witness against you, that you have not done these things; and there you are in the land of asking questions, full of that fear which hath torment. Who shall ascend to heaven, and bring salvation down from there for my guilty soul? Light from heaven is shining upon my conscience, in which I see that God is angry with me, and his wrath is continually dropping upon my conscience for my ungodliness. Who .shall descend into the deep, to the land of darkness, and the region of the shadow of death, and return with the news that there is one ready, and able, to be the guilty sinner's friend! You know that you hare sinned against heaven, and in the sight of God. You see, as it were, a hand, writing against the plaster of the wall of the chamber of your consciences, the solemn and awful word, Tekel, thou hast been weighed in the balance, and art found wanting. The sight of the dark mountains and the gloomy vale of Jordan, are terrific in their aspect. The horrors of the grave, and the very idea of the bottomless pit, where ths worm dieth not, and the fire is not quenched, fill your mind with fear and trembling. Sometimes you imagine that you hear the cries of the damned in hell, weeping and gnashing their teeth, and in the greatest torment and agony of mind, crying, we shall be tormented in this flame; and the smoke of their torments ascending forever and ever. These horrific feelings, like so many death wanants, must arrest you some time or other, 'f your consciences are not seared as with hot rron. In this gloomy and terrific vale of despair, the law leaves you to. die the death eternal; asking questions that it is not in the power of nonius to answer. But the righteousness which is of faith, removes your fears, and opens a door of hope for you in the valley of Achor. It is completely finished by Jesus on Calvary, and is exhibited in the gospel as a perfect righteousness. It is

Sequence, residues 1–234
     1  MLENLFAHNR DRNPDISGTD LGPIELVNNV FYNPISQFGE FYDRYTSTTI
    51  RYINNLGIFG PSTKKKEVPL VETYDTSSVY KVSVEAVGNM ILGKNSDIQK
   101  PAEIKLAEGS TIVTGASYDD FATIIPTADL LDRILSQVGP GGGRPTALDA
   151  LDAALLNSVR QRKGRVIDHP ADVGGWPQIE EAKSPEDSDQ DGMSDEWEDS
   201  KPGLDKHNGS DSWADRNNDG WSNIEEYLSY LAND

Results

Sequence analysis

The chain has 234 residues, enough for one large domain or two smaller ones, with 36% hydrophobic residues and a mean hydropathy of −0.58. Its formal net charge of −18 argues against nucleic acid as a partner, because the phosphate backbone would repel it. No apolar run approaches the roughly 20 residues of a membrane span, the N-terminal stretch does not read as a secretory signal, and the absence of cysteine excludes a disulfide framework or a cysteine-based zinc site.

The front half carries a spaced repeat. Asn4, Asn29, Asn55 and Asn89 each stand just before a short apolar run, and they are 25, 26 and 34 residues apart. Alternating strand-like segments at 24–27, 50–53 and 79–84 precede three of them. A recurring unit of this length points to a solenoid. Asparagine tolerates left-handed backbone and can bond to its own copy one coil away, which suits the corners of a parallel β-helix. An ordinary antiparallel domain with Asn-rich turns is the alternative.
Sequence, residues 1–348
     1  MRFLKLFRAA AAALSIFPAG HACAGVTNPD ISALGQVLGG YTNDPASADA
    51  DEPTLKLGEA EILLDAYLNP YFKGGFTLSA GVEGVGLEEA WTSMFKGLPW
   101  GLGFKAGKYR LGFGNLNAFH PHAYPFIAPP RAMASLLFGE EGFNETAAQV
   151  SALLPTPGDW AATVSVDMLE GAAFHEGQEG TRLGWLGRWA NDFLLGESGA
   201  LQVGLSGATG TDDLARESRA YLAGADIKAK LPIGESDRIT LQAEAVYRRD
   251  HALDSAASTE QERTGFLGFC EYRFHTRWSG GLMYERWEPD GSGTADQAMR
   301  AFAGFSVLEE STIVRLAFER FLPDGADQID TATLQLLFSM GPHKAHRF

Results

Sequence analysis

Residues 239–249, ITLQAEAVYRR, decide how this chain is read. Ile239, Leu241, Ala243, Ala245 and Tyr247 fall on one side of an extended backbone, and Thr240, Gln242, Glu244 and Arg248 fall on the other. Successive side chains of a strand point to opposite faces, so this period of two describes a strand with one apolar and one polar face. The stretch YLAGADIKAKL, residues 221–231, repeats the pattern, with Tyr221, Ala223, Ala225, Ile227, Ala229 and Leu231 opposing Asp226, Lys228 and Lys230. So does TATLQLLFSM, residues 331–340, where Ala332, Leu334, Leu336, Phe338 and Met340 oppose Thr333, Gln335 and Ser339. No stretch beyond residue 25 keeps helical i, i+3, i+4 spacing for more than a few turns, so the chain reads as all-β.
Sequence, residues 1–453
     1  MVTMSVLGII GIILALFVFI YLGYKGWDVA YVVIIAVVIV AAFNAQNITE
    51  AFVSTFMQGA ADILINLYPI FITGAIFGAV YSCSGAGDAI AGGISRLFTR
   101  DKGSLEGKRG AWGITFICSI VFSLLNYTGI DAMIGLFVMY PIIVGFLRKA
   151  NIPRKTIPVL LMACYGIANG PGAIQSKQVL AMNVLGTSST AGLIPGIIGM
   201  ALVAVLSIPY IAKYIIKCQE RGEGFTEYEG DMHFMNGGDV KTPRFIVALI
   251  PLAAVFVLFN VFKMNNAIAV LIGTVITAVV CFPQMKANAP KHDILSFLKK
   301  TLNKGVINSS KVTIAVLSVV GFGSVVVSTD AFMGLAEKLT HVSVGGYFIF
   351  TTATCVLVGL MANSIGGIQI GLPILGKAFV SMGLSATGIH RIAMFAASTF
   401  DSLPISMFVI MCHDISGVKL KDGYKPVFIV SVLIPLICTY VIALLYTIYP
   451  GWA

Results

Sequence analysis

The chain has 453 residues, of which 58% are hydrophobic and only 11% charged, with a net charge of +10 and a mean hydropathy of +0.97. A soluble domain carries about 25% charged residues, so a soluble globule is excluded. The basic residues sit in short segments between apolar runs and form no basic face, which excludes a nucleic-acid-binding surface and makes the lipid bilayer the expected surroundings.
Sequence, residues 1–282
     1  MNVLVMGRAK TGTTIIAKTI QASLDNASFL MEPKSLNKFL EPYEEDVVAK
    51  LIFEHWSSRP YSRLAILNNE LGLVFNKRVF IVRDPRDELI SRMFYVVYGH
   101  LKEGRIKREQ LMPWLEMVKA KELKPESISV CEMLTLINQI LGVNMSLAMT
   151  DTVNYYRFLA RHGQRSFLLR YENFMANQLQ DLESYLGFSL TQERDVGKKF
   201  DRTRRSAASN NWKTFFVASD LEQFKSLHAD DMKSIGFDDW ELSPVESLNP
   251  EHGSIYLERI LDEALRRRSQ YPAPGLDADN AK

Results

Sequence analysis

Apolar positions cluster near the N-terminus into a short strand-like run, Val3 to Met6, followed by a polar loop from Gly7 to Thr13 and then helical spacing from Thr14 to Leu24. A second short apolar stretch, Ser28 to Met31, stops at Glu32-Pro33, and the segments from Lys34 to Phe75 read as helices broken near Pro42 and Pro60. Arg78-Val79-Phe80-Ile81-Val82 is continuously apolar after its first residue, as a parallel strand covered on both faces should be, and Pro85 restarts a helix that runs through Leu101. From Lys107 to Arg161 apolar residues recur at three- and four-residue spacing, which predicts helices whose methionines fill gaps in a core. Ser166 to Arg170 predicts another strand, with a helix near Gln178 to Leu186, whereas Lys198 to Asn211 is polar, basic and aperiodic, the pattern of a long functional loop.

[p. 262 and p. 263 are missing.]
The grace of our Lord Jesus Christ has so abounded like a river overflowing its banks, and carrying away thousands of poor sinners, not to the dead sea, but to the sea of eternal life. Grace and works in the justification of sinners, can no more be mixed together than oil and water; for each of them belong to a different covenant. Jesus the captain of our salvation never engaged to repair the old vessel of the first covenant; but he is the Mediator of a better, and entirely new covenant, made upon better promises, to which the drowned crew of the first vessel are taken up and made alive, which the first covenant could not do. The law is holy, but we are unclean; the law is spiritual, but we are carnal; the law is just, but we are unjust; the law is good, but the very imaginations of our hearts are evil, and that continually. The law will not compromise matters with any one whatever, it is not relaxed, nor any of its rigid demands abated; as it has the same commanding power, so it has the same condemning power over all those who are destitute of a righteousness answerable to its demands.
Therefore we evidently see the utter impossibility of fallen man to be justified in the sight of God on the ground of his obedience to the demands of the law. Were it possible, Christ must have died in vain, and the infinite wisdom of God must have been eternally envelo. pod in thick darkness. God will never have his es. sential glory, nor the glory of his works divided with idols; neither will he have the glory of his grace divided with men. The law and works answer one another exceedingly well. The law demands, the works of obedience, pay; works, give; the law, receives. Graee and faith also agree very well. Grace on the foundation of the atonement bestows blessings freely, without money and without price; and faith that has nothing to pay, receives